(Medical Xpress)—A team of researchers at the University of California, Davis, the BBC is reporting, has begun conducting experiments designed to learn how to use the CRISPR gene editing technique to grow human organs in live pigs. Thus far, they have allowed a human pancreas to grow inside of a test pig for up to 28 days before ending the pregnancy.
Over the past several decades various ideas have been put forth to allow us humans to use animals as organ incubators, but to date, all have ended in failure. In more recent years, the problem was fear of introducing animal diseases into humans. If researchers use gene editing techniques, than that should not be a problem however, but it does cause another problem—fear that some of the human genetic material could wind up in the brain of the pig, resulting in a pig with a partly human brain. Thus far, the researchers report, that scenario does not seem likely. Still, the folks at the National Institutes of Health have been worried enough about the problem to refuse to fund such studies.
The team at UoC appears undaunted, as they continue to pursue their goal of creating a never-ending supply of human organs. The technique is not new, it has been tried on other animals with other animals, what is new is the use of human DNA.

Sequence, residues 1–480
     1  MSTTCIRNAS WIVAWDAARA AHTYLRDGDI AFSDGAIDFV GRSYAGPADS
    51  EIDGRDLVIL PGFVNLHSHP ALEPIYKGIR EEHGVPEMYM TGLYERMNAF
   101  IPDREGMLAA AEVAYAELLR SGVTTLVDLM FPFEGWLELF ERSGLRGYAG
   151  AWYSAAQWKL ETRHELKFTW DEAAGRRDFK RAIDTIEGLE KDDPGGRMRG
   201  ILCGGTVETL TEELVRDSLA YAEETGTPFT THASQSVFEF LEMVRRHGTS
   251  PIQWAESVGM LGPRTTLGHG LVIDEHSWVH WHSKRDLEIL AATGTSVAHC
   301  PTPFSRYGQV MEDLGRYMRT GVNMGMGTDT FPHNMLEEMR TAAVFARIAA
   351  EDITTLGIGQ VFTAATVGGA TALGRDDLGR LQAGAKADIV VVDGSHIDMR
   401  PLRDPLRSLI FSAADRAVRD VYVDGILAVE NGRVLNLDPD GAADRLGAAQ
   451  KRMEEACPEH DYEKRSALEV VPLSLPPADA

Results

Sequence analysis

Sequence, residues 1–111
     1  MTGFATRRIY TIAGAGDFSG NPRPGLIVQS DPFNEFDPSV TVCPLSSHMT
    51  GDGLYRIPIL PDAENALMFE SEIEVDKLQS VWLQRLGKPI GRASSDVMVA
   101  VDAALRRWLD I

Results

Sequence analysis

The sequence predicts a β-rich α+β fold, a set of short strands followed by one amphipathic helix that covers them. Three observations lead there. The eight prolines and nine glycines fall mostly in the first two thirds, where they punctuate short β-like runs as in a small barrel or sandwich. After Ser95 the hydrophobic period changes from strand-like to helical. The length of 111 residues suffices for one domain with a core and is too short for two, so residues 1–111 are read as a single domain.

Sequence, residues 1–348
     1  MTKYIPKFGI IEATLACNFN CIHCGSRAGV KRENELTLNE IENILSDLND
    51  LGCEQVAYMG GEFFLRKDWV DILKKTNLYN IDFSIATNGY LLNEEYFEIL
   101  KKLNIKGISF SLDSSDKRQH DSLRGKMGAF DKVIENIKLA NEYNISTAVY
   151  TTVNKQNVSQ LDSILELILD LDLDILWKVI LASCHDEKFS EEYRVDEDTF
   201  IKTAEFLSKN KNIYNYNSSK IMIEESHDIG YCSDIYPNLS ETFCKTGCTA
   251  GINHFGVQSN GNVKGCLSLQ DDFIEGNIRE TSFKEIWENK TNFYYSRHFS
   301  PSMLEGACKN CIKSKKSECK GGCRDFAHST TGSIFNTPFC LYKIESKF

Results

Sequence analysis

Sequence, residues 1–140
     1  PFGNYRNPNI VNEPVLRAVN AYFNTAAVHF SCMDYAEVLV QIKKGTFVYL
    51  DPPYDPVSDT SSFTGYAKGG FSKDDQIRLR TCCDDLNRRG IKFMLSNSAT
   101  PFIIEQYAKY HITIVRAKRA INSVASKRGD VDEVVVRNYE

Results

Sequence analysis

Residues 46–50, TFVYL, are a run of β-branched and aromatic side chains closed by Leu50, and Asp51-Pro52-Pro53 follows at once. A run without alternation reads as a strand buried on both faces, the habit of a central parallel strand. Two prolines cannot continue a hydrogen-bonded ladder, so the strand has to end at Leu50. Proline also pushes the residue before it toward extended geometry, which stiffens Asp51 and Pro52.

To cause a human pancreas to grow inside of a developing pig inside of its mother's womb, the researchers use CRISPR gene editing to remove the genetic portion of a pig embryo that encodes for a normal pig pancreas. They then replace the removed portion with human stem cells. The end result should be a pig embryo that develops into a pig fetus and if allowed, to a fill sized pig after birth. At that time, the pancreas, which should be all human, would be removed and placed in a human suffering from pancreatic failure—offering a cure for diabetes and other pancreas ailments. Even more exciting is the possibility that if the process works, and is approved, a human in need of a new organ could donate the stem cells, which would mean the organ grown would have his or her DNA, which would mean they would not have to take anti-rejection drugs once the new organ is placed inside them.
Thus far, the team is reportedly meeting with success in their initiative, though there is much more work to do—also it is not clear what sort of tests would have to be passed for the technique to be approved by the government.
Explore further: Could a gene-editing tweak make pigs organ donors for ailing humans?